What’s the purpose of design?
• To grab the reader’s attention
• Accomplished through:
• Design Principles
• Design Elements
Something to think about…
"When pictures and words pull in
opposite directions and the poor reader
doesn't get any message at all, he simply
turns the page.“
John Newcomb, Author
Book of Creative Problem Solving
• Who is the target audience for our school newsletter?
• What will the target audience expect to see in the newsletter in
• Typefaces used.
• Colors used.
• Graphics used.
• Overall design.
• the style, arrangement, and appearance of text
• Text should:
• Be appropriate for the medium used
• Increase readability
• Typeface – the basic design of a character
• Typefaces can be divided into four main categories.
• Sans Serif
• Have strokes at the tips of the letters
• Easier to read for printed body text
• Times New Roman
Sans Serif Typefaces
• No strokes at the tips of the letters
• Easier to read on digital displays
• Verdana k
Serif vs. Sans Serif
The ends of each
character do not have
The ends of each
character do have
• Designed strictly to catch the eye
• Should be used sparingly.
• Can be hard to read.
• Used for decoration
• Should never be used in body text
• Appear to have been written by hand
• Should never be keyed in all caps
• Conveys a formal mood
• French Script
• Brush Script
• Bradley Hand
• Use decorative pictures or symbols instead of characters
• Allows the user to use a symbol to convey the message
without importing a graphic
• Example: Webdings Webdings
• Can be used for specific purposes such as musical
notation and mathematical symbols
• Example: Mathematical symbol ≠
• Open Microsoft Word.
• Key your name on 5 different lines.
• Change each name on your screen to reflect the following:
• SERIF font
• SANS SERIF font
• ORNAMENTAL font
• SCRIPT font
• SYMBOL font
• Beside each name, label it with the appropriate typeface name
• For example:
• Kathryn Smith
• Typeface – Bauhaus; Category - Decorative
• Font - the specific size, weight and style applied to a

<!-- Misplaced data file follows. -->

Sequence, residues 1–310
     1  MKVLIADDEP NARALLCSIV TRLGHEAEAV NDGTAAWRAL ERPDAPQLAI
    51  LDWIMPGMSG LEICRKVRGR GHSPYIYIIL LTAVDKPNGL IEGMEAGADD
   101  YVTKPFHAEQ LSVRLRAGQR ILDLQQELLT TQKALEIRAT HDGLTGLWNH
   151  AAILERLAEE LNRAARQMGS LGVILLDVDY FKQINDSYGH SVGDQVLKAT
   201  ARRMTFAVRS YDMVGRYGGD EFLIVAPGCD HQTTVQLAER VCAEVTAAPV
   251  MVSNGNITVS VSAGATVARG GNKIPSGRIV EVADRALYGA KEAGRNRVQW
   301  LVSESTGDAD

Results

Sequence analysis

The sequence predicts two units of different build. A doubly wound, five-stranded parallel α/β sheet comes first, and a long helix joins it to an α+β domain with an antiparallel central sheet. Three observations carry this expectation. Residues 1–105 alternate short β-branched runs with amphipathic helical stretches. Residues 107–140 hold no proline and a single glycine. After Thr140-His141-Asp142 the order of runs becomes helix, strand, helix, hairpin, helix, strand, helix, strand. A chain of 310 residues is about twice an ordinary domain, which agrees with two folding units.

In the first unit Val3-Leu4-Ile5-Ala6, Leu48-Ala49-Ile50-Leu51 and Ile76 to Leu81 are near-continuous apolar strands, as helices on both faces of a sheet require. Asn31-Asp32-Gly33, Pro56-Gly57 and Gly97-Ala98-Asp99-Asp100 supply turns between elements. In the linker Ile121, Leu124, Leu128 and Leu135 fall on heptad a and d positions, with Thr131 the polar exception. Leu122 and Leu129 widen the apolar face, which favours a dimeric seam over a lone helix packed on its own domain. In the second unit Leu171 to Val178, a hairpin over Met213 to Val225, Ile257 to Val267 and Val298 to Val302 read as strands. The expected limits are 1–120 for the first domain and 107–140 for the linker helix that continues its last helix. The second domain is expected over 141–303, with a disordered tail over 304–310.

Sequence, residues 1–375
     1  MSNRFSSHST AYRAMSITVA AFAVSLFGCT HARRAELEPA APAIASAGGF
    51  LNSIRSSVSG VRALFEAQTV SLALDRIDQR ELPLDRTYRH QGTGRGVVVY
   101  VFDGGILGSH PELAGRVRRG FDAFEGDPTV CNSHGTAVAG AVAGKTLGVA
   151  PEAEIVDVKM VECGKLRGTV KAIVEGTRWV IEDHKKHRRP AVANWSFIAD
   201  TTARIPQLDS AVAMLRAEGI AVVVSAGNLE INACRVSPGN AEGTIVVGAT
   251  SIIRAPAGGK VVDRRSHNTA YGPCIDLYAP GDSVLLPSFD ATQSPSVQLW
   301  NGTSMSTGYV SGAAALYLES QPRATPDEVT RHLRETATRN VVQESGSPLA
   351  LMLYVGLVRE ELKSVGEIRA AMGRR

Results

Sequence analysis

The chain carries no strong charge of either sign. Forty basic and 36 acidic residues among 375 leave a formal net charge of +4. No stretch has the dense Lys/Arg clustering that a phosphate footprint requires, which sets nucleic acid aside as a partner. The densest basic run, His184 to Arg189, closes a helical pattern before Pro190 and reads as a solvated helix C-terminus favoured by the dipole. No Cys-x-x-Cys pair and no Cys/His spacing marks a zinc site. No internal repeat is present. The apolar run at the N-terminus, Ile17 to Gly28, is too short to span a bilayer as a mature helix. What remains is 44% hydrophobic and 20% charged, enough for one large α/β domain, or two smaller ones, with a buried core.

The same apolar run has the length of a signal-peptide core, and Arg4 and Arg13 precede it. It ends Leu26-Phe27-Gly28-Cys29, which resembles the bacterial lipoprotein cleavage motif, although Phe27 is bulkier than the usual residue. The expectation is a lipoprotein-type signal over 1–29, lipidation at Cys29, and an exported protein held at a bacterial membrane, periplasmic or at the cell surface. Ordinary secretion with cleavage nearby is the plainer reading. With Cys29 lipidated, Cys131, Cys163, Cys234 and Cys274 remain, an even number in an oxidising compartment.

• Examples: Arial, bold, 12 point
Arial, italic, 14 point
Arial, 10 point
Arial is the typeface. Arial, bold, 12 point is the font.
• The font style refers to the slant, weight and
special effects applied to the text.
• Fill Color
• Small Caps
• Each character takes up the same amount of
• Harder to read in large bodies of text
Courier is monospaced
• The amount of horizontal space each character takes
• An i is not as wide as an m and receives less space.
• Better for body text
Times New Roman is proportional
Courier is monospaced
Although typography will be the focal point of this PowerPoint, the 3 main topics of objective 1.01 are briefly introduced here.
Think-Pair-Share is an activity to spark discussion about the objective.
Students think (no talking) about the question presented on this slide for one minute.
Students pair with their neighbor and discuss their thoughts for one minute.
Students share their thoughts with the class. Teacher facilitates the discussion.
Teachers: You may want to explain that serifs make it easier for the reader’s eye to recognize the difference between letters more quickly. Thus, serif typefaces are better suited for body text of printed material. However, sans serif fonts are easier to read on monitors so web pages will use sans serif typefaces for body text.
This is an optional activity to make sure students understand the different typeface categories. Teacher needs to monitor the students to make sure they are choosing fonts in the correct categories.
It’s easier to understand fonts if you begin with the original definition of a font. Before desktop publishing, people called ‘typesetters’ set the type by hand using moveable type.
Each character was a separate block of metal.
The letters were “set” on the layout to form the text.
Each typeface had a complete set of metal characters for each size, weight, etc.
Each different size or weight required a completely separate set of metal characters.
Each metal set of characters was kept in its own drawer and was called a font.
Just for fun: You can have your students try to read what it says.